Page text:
Replacing Angelina: Alicia Vikander's toughest role yet

Alicia Vikander on redefining Lara Croft in a post-#TimesUp era
We really wouldn't mess with her
We really wouldn't mess with her

Fiercely independent, bold, intelligent, and with a penchant for adventure, Lara Croft exploded onto our screens back in 2001. Now, almost two decades later, it’s time for a reboot. Cue Oscar-winning Swedish actress Alicia Vikander. Having won critical acclaim for her roles in Ex Machina and The Danish Girl, she is set to bring the iconic video game heroine made famous by Angelina Jolie to new global audiences this month. 

What was your reaction when you were first approached about taking on the iconic role of Lara Croft? 
I was certainly familiar with Lara Croft, having played the Tomb Raider game both as a kid and as an adult. Since this project draws its inspiration from the 2013 version of the game, which is quite different from the editions I was familiar with, I played that version and really liked its more contemporary feel. So I met with the director, Roar Uthaug, and the producers, who provided some intriguing insights about how they wanted to bring the world of Tomb Raider and Lara Croft to life – and into our time – in an exciting new way that would be compelling, human and relevant to this generation.  

What can you tell us about the Lara Croft we meet in Tomb Raider, and what drew you to the character?
Lara has a feistiness, intelligence and wit about her that I love, as well as a passion for adventure. Since this is an origin story, we meet Lara as she’s still trying to figure out what she’s going to do with her life and find her place in the world.  Although she was born into privilege, I really liked the fact that instead of embracing a glamorous life, Lara stands up for herself; she wants to figure out who she is on her own terms, which I think is something that anyone can relate to. Young people don’t always know the journey that lies ahead for them. Lara has a wounded relationship with her missing dad, whom she hasn’t even been able to mourn because he had disappeared when she was 13. When we meet her, she’s a bit cynical about the fantasies and stories her father told her as a child.  But, as her journey unfolds, she opens up and dares to believe again. I like that about her.

You’ve done big movies before, but Tomb Raider takes to it to a whole new level. Was embarking on a production of this scale its own adventure for you?
My mother, who is an actress, introduced me to the world of theatre and film. I loved independent, arthouse films, but, like most people, I also loved being drawn into big adventure films, like the Indiana Jones movies. So, with Tomb Raider, I had the chance to work on something that’s very different from my previous work, but which has long been close to my heart: a big action and adventure film. Along with that came the opportunity to explore my physical side on a film. I come from a dancing background, so when I learned that playing Lara would involve three or four months to get in shape – well, that kind of preparation and the chance to create a new physique are gifts. I found the training and muscle-building to be empowering.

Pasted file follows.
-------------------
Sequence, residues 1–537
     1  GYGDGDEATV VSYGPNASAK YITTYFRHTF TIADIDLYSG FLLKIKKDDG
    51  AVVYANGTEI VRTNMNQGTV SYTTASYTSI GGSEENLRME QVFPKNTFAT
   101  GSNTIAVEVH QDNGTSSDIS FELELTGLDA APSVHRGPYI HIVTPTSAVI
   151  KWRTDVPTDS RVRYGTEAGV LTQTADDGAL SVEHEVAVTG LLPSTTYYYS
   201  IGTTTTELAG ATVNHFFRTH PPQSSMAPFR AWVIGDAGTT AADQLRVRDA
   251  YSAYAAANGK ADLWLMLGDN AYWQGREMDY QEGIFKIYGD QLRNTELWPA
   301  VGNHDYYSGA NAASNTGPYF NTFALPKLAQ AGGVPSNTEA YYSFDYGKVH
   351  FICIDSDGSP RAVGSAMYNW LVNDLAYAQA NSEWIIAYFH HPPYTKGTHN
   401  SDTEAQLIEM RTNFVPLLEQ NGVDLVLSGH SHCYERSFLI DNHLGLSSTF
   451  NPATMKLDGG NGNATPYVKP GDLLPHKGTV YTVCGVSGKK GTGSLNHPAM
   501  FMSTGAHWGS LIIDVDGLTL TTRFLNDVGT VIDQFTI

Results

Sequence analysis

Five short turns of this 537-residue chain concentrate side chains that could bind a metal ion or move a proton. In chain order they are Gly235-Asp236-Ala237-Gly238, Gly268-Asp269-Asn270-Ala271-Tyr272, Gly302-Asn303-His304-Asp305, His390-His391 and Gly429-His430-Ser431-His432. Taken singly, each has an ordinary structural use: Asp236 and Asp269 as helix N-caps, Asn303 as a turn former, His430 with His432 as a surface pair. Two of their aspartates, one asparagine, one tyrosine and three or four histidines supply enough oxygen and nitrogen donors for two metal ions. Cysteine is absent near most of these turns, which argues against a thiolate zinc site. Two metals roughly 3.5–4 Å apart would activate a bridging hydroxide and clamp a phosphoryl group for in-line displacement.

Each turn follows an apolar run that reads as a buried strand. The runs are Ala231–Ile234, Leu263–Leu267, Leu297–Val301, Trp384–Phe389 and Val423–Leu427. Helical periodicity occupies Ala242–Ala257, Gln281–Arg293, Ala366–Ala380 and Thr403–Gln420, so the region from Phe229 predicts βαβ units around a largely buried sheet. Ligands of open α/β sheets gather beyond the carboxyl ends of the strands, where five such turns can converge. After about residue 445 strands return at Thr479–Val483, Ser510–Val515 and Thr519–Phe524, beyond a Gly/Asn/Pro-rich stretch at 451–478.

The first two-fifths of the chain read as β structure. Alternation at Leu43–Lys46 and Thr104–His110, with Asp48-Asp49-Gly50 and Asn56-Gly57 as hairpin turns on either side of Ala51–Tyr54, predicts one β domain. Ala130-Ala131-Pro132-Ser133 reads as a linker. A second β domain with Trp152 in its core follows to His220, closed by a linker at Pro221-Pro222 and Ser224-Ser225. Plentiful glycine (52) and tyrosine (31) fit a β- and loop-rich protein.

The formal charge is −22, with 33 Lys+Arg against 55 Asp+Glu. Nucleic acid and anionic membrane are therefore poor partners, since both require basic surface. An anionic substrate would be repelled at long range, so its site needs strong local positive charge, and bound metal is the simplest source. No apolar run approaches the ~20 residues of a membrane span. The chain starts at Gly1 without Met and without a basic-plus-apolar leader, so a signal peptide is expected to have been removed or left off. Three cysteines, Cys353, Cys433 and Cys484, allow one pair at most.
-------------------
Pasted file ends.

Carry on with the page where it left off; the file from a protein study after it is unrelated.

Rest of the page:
You mentioned Lara’s relationship with her father, Richard Croft, played in the film by Dominic West. What does Dominic brings to the role?
Dominic was the first person I thought of for the role when I read the script. He had actually played my dad before, in the film Testament of Youth. He can be extremely playful and down-to-earth and has a wonderful energy that really worked for the character, especially in the way Richard expresses his passion for mythology and artifacts. You understand why Lara, who has been introduced to these stories by her dad, eventually falls in love with those mythologies. Dominic was perfect for the role.

How does your director, Roar Uthaug, balance the demands of orchestrating a production of this size with the more intimate, character-driven moments, and how did you find the experience of working with him?
It was wonderful to work with Roar because he always balanced story and character with the big action set pieces. For Roar, it was always about telling a good dramatic story in the context of a huge action-adventure. It’s the best of both worlds. I had seen his film, The Wave, a Norwegian drama. It has the scope and scale you’d expect from that kind of film, but it broadens the genre in ways that really surprised me. Even though it’s this big disaster movie, I found myself relating to and rooting for the characters, and the relationships and emotions felt completely authentic.

Did you have a favourite scene to play in the film, or a moment off-set that was especially fun or memorable for you or a resounding highlight from the filming period?
It’s difficult to single out one moment, because there were so many big things on this film that I’ve never done before as an actor. Working on the big action sequences was tremendous because most of the sets were practical and the action was real. It goes back to how I fell in love with adventure films when I was a child. Walton Goggins, who plays the villain Mathias in the film, shared that obsession.  When we started work on the film, we got to walk into the tomb set and saw an enormous pagoda and a sarcophagus and all kinds of amazing details. We were like two children running around. I loved working on those sets, which were massive. It was magical. 

• Alicia Vikander stars in Tomb Raider released on 15 March in cinemas across the UAE

Photo: Ilze Kitshoff